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Transportation Secretary meets with northwoods rail supporters

RHINELANDER, Wis. (WXPR) -- The state's top Transportation official says there isn't much the state can do when private firms decide to abandon rail line.

Secretary Mark Gottlieb was asked by members of the Northwoods Rail Transit Commission meeting in Rhinelander Friday to outline what can be done to halt, for example, the abandonment of the Canadian National railway line between Crandon and Argonne. He says since the railroads were deregulated, it becomes a private business choice.  "They’re making their capital investments where it fits their business case. In some areas, like (northern Wisconsin) where it doesn't, that is having an impact on areas in Wisconsin, including up here, that lack of availability (of rail) is definitely having an impact on your ability to grow your economy and become economically competitive."

Canadian National has applied to the Surface Transportation Board to abandon the line, and some members of the Transit Commission said the rails were already being pulled out from Highway 8 north. A CN spokesperson at the meeting denied they were being pulled.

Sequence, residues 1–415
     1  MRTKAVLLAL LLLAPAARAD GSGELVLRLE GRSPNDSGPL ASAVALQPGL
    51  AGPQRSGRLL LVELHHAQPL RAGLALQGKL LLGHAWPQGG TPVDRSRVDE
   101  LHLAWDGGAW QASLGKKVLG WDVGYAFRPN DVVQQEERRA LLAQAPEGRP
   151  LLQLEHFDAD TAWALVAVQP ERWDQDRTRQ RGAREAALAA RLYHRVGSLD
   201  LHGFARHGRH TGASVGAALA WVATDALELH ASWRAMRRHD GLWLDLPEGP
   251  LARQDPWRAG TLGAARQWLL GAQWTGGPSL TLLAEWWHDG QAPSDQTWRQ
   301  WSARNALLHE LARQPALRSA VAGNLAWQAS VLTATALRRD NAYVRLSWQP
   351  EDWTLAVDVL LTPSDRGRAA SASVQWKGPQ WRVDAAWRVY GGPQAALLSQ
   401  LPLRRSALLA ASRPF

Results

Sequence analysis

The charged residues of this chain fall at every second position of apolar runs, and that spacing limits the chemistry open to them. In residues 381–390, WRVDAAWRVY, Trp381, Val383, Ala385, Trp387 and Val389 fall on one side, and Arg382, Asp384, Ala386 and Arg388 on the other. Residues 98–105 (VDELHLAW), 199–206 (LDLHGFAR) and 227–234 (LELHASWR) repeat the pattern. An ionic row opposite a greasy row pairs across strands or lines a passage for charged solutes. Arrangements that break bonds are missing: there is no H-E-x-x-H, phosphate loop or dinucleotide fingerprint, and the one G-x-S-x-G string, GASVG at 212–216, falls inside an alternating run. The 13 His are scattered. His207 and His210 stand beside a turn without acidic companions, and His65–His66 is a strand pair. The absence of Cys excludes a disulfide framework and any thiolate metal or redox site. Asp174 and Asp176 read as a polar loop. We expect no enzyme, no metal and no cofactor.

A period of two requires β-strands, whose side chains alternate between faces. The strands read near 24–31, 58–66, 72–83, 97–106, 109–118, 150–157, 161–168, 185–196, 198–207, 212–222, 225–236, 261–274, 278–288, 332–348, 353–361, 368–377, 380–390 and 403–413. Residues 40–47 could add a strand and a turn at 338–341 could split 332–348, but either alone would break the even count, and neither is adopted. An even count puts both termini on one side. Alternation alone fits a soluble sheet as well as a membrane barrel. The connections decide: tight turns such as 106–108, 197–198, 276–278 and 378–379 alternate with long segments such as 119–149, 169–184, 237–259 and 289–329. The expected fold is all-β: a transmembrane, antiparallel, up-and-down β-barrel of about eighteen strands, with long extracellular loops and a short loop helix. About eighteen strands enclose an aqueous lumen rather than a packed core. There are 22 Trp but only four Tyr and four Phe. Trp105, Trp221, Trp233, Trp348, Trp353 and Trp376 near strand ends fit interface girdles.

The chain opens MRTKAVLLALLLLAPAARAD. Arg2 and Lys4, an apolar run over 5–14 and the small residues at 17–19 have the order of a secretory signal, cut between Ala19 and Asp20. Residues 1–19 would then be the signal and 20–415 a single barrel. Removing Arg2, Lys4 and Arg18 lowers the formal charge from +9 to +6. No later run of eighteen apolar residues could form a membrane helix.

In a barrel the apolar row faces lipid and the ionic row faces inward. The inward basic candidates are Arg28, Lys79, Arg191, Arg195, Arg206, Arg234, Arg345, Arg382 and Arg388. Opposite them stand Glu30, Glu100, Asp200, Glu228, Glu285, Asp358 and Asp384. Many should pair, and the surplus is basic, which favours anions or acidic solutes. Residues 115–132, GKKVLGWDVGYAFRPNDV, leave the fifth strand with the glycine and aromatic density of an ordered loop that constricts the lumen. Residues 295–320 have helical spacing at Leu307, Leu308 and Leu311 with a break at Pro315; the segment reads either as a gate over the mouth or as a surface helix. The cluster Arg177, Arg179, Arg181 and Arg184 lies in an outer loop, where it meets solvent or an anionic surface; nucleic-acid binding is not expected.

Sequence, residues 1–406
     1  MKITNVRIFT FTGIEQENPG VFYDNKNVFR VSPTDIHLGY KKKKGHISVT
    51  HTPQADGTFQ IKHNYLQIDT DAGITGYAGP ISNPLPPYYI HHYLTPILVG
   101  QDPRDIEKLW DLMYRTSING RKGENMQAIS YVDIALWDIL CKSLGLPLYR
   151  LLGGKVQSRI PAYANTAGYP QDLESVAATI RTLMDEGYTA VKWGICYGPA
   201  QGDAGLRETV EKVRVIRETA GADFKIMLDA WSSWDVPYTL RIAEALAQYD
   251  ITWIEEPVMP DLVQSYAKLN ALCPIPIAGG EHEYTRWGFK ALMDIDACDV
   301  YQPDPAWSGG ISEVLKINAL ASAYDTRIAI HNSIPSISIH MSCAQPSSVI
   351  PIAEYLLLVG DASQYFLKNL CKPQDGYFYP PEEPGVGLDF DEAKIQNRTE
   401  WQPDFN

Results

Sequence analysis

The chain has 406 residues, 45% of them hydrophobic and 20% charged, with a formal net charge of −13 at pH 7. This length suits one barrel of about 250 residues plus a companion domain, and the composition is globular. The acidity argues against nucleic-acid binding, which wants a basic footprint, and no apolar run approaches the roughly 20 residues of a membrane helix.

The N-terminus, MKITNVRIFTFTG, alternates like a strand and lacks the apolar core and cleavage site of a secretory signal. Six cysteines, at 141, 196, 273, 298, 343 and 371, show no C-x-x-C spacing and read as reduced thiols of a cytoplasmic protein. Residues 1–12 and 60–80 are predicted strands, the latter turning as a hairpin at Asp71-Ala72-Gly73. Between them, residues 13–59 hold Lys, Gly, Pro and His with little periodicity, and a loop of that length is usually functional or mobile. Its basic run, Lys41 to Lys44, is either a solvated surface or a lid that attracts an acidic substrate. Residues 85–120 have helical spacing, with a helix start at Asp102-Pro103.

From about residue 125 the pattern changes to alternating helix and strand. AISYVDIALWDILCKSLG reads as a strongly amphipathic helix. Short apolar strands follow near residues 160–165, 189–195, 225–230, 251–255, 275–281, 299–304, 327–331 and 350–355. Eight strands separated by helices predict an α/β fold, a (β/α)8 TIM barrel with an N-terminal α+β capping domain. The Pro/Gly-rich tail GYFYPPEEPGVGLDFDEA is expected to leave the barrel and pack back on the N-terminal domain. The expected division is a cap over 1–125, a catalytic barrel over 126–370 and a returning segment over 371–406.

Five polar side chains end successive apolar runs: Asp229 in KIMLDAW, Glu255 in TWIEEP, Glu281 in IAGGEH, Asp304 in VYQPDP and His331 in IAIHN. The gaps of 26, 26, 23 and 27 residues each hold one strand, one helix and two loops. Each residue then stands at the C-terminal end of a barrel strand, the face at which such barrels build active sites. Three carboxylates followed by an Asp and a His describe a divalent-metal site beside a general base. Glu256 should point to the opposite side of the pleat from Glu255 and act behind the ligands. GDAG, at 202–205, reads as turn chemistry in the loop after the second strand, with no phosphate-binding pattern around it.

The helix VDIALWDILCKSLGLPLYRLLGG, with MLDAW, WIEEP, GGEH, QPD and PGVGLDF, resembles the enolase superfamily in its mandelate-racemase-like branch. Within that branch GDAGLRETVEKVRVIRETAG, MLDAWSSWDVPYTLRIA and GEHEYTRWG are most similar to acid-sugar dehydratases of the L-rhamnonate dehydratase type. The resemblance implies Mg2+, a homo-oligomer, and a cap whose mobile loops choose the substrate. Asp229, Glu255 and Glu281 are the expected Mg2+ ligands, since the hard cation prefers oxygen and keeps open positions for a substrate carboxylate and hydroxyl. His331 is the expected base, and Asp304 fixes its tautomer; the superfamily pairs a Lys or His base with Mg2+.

Transit members complained to Gottlieb that there is business wanting rail service, but no additional help was forthcoming from the railroad. They reported the CN model was to abandon short hauls for longer ones.

Many in the wood products industry would like to haul forest products via rail, as it is said to be lower cost than trucking. It also is less damaging to highways. Gottlieb told the group that with limited funds, they have to prioritize. He says while the state is working to do as much as it can with rails, limited dollars are put toward highways.  "Serious concerns we have about the ability to maintain and improve our state highway system, public transit, mobility options for people around the state. We talked about the movement of freight and commodities. It all comes down to how are you going to apply the limited way resources we have in the most prioritized way possible. That is what we're trying to do."

The Transit Commission is in the process of trying to acquire cars to make it more economically feasible for a rail line to operate in this area.

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